Business Development Rants and Resources

Pitfalls for Entrepreneurs Part II

“What on earth is he DOING?” is no longer my question, (from the first article) because I have had the opportunity, through one or two subsequent meetings, to figure it out: My friend (were still calling him Kevin) doesnt have a clue about selling.

Now I am not here to make fun of him for that. At the end of the day, it is a skill that is lacking to some degree – sometimes totally – by almost everyone who runs a business. And I’ll raise my hand here too. So whatKevin does is continually expand his product offerings.

I guess I’d liken it to the old days where the soldiers would storm the castle in an attempt to penetrate and overcome the enemy. Imagine 100 troops rushing the castle wall and putting their shoulders into it trying to knock down the wall. A good commander would call them back and say “Boys, that isnt going to work. Bring up the cannons.” Then they would proceed to blow holes into the wall and rush in. Kevin is the kind of commander that says “Boys, keep at it. Im sending another hundred guys to help you push.”

Ever hear the expression If all you have is a hammer, every problem is a nail? Well allKevin has is another hundred guys, and maybe another hundred after them. He doesn’t have a cannon, so he solves his problems using the tool he has. In this case the tool is his big brain and willingness to do hard work. It is easy for him to come up with other ideas and set them out there for people. But he doesnt know how to blow any holes in walls. In fact, he took me through a lengthy presentation he was going to make to what could be a significant new customer – if he could do some selling.  He goes on and on about not only the product he is trying to sell, but all ancillary offerings that his company has, almost straining to somehow get that in. In the meantime, I am the customer, saying. “Why do I care about this. Why SHOULD I care? Where are we going with this?”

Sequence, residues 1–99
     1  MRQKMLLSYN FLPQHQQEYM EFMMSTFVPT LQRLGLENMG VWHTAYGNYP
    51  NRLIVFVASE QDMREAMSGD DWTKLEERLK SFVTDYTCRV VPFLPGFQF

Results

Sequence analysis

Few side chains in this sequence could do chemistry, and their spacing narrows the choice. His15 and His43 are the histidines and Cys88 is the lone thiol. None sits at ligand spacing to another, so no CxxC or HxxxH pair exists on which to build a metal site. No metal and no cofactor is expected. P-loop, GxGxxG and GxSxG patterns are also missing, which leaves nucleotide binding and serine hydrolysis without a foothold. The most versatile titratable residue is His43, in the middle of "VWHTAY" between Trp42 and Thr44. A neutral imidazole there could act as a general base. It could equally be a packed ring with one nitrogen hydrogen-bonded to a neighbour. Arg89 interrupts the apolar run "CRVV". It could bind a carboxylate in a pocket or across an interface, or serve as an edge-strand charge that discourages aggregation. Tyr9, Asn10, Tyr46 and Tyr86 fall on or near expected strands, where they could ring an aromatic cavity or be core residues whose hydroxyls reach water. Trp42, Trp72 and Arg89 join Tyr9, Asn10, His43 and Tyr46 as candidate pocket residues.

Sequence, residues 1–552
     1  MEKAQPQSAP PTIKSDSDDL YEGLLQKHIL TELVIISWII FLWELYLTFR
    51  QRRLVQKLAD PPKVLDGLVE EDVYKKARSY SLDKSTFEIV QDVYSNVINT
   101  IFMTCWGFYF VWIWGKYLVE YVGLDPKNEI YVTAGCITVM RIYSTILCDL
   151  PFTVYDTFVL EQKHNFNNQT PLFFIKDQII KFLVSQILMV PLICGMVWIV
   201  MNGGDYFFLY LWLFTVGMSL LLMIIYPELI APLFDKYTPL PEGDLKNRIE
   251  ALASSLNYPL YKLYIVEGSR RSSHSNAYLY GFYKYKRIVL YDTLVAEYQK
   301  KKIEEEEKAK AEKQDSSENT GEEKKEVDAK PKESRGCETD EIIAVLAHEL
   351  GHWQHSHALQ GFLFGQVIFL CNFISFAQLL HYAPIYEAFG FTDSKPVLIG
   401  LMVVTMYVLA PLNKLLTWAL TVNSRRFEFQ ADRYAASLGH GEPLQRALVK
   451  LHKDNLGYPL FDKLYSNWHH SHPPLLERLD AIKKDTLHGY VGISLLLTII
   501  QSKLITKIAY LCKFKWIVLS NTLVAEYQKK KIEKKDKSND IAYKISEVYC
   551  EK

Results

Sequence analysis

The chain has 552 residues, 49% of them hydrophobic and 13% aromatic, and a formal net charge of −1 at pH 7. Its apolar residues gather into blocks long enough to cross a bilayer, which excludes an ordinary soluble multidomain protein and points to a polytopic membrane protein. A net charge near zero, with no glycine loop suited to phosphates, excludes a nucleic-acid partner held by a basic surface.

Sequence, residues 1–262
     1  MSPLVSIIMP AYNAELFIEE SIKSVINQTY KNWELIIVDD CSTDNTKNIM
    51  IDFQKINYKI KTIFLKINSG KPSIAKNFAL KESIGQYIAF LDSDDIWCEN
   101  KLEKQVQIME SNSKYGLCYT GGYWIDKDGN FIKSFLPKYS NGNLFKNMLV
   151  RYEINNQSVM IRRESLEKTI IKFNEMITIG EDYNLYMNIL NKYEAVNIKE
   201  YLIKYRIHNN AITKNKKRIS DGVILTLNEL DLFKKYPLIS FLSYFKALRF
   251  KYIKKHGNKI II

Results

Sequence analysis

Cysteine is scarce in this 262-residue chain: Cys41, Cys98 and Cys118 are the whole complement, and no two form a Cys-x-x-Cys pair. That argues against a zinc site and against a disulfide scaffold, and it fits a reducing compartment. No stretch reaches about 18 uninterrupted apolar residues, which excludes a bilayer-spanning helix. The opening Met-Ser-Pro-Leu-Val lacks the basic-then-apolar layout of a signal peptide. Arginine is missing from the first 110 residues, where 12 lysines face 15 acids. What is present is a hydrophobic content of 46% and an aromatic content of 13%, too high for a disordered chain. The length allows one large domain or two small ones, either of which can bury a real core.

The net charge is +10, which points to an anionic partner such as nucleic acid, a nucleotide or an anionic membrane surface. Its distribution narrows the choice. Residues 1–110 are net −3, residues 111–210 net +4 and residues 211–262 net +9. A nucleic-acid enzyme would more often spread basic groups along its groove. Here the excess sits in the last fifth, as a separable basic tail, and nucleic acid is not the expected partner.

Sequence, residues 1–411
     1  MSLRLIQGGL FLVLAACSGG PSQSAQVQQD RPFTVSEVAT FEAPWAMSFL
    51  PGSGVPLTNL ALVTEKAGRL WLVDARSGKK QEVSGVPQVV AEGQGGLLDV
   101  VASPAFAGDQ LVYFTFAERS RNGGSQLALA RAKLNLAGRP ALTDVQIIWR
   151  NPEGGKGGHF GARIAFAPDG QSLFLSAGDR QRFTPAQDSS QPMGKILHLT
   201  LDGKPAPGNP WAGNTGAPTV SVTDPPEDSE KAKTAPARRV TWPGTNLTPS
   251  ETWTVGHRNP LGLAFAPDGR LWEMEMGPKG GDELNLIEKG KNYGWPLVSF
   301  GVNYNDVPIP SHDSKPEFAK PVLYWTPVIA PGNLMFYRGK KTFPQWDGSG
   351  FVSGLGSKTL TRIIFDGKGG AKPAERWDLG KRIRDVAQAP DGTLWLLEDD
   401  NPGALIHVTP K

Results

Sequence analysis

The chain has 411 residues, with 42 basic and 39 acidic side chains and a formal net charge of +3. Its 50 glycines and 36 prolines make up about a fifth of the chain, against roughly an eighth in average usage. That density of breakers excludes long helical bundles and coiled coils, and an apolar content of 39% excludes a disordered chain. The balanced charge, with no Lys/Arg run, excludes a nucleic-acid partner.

The presentation should have been heavily customer focused, shortened, and broken up into bitesized chunks that allowed for better focus. (kind of like this blog article) There probably should have been an outline in the front. And before that, some reference to the problem or challenge that the customer has expressed that he has and a direct statement about what he was offering to address that challenge. But let’s stop there because we are getting into sales training and that is a whole other topic.

The bottom line here is that if you are an entrepreneur that has an offering that you KNOW can and should be more successful in the market, think twice before looking to increase sales revenue with another offering and then another. Yes, there are some legitimate reasons for that sometimes, but we all must question whether we should be spending our resources getting ahold of a cannon and breaching the wall in the way that a good commander would.

May 9, 2012 - Posted by | Business Building

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